When I was in Bosnia, I saw a lot of old Turkish architecture in old town Sarajevo. I was very glad it was not destoyed during the war. It was marked “Where East Meets West”…..there is a very old Mosque there. There is a lot of Turkish culture there.

        I wonder what that gentleman would have to say about what Semir Osmanagic is doing in Bosnia and all of the political mumbo jumbo going on with the religious tension growing again because of the “Sun” being an old Christian Hill Fort and the brigade of believers and politicians funding the “hoax” are Muslim. There are rumors going on now about a Muslim take over. All very stupid stuff and it started with the pyramids, or you can blame the Maya maybe for inflitrating the mind of Semir by means of cosmic beams…..I do not think it should be so easy to classify a group of people by a few who happen to be of that category. Why can’t religion and nationality just be left out of these things and possiveness of hills and territory. It would be iteresting if this 92 year old gentleman knew about this and to hear his view points. I am sure he would speak out. The hills in Visoko have turned into nationalism. If you do not believe in the pyramids you are anti-Bosnian. A good researcher friend of mine wrote to me about now the students at Tuzla University are writing essays about the pyramids………………problem is, no pyramids. Probably the class has to do with marketing and political science and International economics of sorts. I am not quite sure…..

        Much tension is brewing again……sad…… why can’t anything be nuetral territory? Why does it have to belong to any sect?

        I Iearned a lot from reading that web site you posted with that man’s link, there was much info there in those blogs.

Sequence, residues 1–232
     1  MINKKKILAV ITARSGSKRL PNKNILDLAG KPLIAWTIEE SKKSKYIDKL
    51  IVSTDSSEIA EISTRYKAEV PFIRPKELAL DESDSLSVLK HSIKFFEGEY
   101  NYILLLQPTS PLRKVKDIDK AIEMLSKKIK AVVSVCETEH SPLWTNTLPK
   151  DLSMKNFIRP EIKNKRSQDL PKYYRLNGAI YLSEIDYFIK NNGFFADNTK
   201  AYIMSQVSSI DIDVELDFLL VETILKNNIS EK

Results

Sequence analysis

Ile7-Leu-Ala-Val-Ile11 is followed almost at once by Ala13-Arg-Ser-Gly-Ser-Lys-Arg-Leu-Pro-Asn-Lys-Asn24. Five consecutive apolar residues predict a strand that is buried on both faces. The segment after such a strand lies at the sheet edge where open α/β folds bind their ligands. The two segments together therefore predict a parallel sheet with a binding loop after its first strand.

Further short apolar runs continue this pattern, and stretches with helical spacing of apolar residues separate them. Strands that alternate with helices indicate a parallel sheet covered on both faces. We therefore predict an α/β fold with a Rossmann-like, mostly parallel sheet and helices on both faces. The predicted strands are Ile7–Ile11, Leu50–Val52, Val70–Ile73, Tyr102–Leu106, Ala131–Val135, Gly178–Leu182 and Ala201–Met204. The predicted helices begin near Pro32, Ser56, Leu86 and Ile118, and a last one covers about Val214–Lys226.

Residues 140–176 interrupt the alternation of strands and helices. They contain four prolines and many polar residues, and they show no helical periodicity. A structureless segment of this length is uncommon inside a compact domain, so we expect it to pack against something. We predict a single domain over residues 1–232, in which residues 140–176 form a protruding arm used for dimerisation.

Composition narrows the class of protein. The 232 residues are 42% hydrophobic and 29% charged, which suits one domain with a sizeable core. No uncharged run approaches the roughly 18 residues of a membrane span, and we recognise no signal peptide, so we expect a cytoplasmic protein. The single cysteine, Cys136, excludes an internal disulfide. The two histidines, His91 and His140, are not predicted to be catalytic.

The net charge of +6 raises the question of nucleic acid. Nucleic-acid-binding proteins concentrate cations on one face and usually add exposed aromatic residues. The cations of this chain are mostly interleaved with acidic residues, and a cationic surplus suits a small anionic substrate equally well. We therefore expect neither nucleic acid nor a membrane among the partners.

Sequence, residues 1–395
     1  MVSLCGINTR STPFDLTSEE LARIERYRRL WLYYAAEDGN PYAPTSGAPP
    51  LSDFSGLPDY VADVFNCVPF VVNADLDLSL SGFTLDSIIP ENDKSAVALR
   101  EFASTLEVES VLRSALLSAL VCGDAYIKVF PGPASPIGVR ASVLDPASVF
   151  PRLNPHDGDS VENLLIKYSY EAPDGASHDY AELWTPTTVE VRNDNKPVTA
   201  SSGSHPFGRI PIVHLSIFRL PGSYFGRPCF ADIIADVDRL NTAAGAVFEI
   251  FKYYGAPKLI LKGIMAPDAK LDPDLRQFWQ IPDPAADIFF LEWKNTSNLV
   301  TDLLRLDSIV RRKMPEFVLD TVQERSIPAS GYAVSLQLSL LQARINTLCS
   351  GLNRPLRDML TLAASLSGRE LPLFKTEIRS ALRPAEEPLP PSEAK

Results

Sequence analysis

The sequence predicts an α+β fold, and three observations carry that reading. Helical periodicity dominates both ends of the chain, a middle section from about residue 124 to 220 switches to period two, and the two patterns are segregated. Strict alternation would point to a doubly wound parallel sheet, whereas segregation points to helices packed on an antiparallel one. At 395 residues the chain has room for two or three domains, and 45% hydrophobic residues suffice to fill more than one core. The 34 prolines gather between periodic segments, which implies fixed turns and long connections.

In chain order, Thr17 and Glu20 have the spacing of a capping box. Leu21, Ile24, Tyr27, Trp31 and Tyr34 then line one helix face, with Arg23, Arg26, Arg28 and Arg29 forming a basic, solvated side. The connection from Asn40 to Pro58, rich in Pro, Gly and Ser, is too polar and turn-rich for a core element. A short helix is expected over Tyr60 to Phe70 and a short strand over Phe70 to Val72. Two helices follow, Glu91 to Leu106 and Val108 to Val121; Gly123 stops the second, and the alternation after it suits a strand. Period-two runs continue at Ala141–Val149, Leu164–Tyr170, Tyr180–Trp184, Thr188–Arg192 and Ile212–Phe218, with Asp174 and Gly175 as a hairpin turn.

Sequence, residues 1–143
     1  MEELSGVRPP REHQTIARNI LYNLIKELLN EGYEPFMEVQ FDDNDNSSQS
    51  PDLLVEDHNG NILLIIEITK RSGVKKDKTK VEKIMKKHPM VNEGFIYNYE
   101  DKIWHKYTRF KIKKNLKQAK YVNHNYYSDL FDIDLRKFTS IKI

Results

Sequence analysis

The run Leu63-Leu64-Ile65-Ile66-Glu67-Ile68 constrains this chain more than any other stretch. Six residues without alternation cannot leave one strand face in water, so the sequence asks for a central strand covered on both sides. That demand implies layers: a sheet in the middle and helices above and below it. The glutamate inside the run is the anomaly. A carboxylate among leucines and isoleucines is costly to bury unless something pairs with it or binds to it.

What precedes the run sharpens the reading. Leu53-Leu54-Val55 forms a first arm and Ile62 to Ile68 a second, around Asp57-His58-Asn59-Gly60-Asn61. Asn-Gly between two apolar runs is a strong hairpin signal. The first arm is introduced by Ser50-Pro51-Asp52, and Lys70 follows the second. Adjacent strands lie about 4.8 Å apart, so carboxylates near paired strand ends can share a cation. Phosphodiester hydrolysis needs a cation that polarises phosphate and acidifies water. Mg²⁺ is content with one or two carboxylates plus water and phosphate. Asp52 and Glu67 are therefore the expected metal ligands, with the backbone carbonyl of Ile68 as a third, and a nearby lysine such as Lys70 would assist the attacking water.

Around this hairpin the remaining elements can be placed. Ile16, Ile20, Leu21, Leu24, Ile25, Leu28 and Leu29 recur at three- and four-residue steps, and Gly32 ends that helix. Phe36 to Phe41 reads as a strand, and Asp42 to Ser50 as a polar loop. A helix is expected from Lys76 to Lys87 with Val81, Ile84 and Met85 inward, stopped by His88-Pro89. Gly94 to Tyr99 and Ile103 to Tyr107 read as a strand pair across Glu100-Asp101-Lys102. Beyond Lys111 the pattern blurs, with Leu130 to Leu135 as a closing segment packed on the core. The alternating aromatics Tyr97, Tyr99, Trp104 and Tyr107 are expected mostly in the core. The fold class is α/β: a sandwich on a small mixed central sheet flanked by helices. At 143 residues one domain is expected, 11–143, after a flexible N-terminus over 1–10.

I didn’t know about that sort of thing going on with the Nobel Prize and the laws being passed about the denial of genacide????

        ALso, well, this might be gross, but, when Robert and I were there in Bosnia, they found some mass graves and were digging up over 2000 bodies in one grave alone…..I HATE WAR and I hate the tension of religious possesions.

        Freedom of speech? Well, it is good in some instances when truths are told, but not when lies are spread, then people can fall back and say it is freedom of speech. It can be abused just like anything else.

        We did not like being censored at that Museum in Wichita, Kansas because we were talking about things older than the Bible. Now, that was dumb to even choose us to open up their new series of lectures and then censor us, and then once again, there were politicians there. That was why we were being censored, the Sate Board of Edcuation and other “beings.” But holy heck, they are exhibiting dino bones as millions of years old, so, I thought that to be contradictory, but we were in the bible belt and hot spot for the Evolution debate. So, here you have freedom of speech, censorship, religion and politics over and over again. Organized Religions to me are just a branch of government. That is my freedon to speak right?

        Another thing, just because you are Muslim does not instantly brand you a a bad person, and a lot of that started happening in the American mind moreso with Bush and 911 and all of that. Bush creates genocide everyday he is in office. Maybe some day some one will have enough evidence put together to write a Nobel Prize winner about the Bush Boys & Administration if they survive and do not get sniped out. You have to watch your back these days in America, especially with that Habeous Corpus (spelling) ruling now…..Bush….phooey……


        Dr. Colette M. Dowell ND
        Circular Times

    2. law suit
      has that law suit against the essentially unTurkish behaviour, not been dropped, or rejected by a high court in Turkey?

      I don’t remember which, but it’s something like that.